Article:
School & District Management Opinion

Will Common Core and Digital Learning Lead to Deeper Blends?

By Tom Vander Ark — October 12, 2012 3 min read
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“Provide student the skills and knowledge the will need to be success in the 21st century society.” That’s the goal of theWilliam and Flora Hewlett Foundation‘s Deeper Learning initiative. The Foundation convened grantees this week to
discuss how to expand access to programs that promote better college and career preparation.

America Achieves’ Bethany Little noted that Common Core State Standards implementation offers a “once in a generation opportunity” to dramatically improve
the quality of student learning. She’s right. The simultaneous shift to personal digital learning is a second leverage point. Decisions made in the next
two year before online assessment begins will determine whether we get shallow blends or deeper learning.

Deep or shallow--the difference gets very clear when you look at student work. The audience at the Hewlett meeting dug in to student assignments and work
products from the following school networks:

  • Asia Society
    : Advocacy group with a network of 34 international schools

  • Big Picture
    : International network of 130 internship-based high schools

  • Edvisions
    : National network of more than 60 PBL high schools

  • Envisions
    : Bay Area network of four PBL high schools

  • Expeditionary Learning
    : A network of 170 PLB and community connected learning schools

  • High Tech High
    : A K-12 San Diego network; and

  • New Tech Network
    : A network of more than 100 PBL schools using the Echo learning management system.

“Assessment influences instruction,” said Hewlett Education Director Barbara Chow. She noted that most current state tests are inexpensive tests of basic
skills. Stanford’s Linda Darling Hammond noted that better tests that require more constructed response will require more extensive use of automated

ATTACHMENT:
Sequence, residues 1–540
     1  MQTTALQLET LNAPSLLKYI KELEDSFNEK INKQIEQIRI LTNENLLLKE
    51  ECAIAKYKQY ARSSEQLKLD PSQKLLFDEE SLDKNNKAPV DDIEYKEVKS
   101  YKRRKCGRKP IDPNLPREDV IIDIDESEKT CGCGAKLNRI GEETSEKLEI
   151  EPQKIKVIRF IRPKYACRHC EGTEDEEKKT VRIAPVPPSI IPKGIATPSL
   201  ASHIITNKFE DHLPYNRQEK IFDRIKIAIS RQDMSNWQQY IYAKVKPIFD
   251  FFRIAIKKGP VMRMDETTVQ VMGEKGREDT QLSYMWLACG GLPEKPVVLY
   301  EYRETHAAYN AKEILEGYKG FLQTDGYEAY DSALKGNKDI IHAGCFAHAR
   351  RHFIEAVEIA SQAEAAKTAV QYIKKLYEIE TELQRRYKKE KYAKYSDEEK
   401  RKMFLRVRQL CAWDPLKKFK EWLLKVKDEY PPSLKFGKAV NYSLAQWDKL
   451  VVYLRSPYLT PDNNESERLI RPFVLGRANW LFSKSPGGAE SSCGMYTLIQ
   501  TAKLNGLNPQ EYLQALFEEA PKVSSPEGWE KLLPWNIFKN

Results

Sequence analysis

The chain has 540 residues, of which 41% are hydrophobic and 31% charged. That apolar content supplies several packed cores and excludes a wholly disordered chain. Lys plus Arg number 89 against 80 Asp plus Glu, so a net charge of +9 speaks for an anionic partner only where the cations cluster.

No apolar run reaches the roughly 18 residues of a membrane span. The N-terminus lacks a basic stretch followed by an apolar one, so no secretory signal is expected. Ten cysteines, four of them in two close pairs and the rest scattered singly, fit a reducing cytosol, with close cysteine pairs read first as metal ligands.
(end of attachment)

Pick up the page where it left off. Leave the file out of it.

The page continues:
scoring. Interest in better tests at an affordable prize drove Hewlett to support the Automated Student Assessment Prize (which is
why I was at the convening).

Big Drop.
While some of us think Common Core is a big deal and can lead to deeper learning for more American students, Julie Bell, National Conference of State Legislators, offered some of us a reality check, “Legislators are talking about
productivity and jobs.” She said lawmakers are talking about doing better for less.

Two years from now the conversation in most states will be monopolized by the precipitous drop in test scores brought about by new tests of higher
standards. In some states, the controversy starts sooner. Kentucky will release results of Common Core-aligned assessments next week.

Deep Blends.
With limited resources, the only way to help more kids reach higher standards is to extend the reach of talent teachers by blending the best of online and
onsite learning.

Hewlett’s Vic Vuchic noted that “we are talking about deeper learning for teachers” as well as students. Tech-powered professional development is more
timely and relevant than traditional delivery methods. With online environments, Vuchic added, “It’s never been easier to build communities of practice.”

About the challenge of deeper learning and better preparation, moderator Virginia Edward, the EdWeek publisher, pointed to the need for:

1) Capacity: From schools to state departments, capacity for a complex change agenda is weak

2) Communication: Clarity of intent with examples of success; and

3) Culture: The need, in many places, for wholesale change to a focus on student success.

The simultaneous shift to higher standards and personal digital learning is a daunting challenge--especially without a big infusion of capital--but it is the
best shot we’ve ever had at helping more students experience deeper learning and leave better prepared for college and careers. Realizing the promise will
require EdLeaders to engage school communities, defend the need for higher standards, and manage an agenda that blends improvement and innovation.

The opinions expressed in Vander Ark on Innovation are strictly those of the author(s) and do not reflect the opinions or endorsement of Editorial Projects in Education, or any of its publications.